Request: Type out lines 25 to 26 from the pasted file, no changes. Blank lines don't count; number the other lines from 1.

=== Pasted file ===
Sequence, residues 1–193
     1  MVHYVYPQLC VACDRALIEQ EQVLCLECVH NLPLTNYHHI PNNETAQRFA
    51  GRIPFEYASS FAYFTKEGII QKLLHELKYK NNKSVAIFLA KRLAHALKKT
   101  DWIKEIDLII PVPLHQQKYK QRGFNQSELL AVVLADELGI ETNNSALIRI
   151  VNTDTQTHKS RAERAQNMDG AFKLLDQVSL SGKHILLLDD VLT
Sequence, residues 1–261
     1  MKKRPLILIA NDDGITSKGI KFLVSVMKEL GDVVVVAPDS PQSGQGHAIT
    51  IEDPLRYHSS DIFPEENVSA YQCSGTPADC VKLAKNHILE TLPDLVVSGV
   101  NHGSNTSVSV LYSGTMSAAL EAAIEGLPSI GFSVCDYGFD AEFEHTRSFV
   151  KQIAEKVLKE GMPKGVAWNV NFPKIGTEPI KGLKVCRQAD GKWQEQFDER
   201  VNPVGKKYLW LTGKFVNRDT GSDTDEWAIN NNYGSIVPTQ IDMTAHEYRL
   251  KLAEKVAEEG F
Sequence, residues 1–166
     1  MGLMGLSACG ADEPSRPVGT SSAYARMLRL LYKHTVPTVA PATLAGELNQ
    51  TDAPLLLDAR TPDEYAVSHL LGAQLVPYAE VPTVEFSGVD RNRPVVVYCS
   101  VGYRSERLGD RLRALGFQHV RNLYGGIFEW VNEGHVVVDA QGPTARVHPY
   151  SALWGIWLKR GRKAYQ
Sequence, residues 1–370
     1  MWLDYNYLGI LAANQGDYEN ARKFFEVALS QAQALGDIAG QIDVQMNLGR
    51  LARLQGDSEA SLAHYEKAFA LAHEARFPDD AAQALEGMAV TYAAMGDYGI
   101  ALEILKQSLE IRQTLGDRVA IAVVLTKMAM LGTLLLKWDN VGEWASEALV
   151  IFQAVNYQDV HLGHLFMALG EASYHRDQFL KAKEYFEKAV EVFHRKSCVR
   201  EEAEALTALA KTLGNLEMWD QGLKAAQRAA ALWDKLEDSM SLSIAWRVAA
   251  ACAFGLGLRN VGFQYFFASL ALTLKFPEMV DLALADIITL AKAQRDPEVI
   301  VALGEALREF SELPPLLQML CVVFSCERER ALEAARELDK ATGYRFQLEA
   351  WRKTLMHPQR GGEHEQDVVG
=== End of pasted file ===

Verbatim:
   301  VALGEALREF SELPPLLQML CVVFSCERER ALEAARELDK ATGYRFQLEA
   351  WRKTLMHPQR GGEHEQDVVG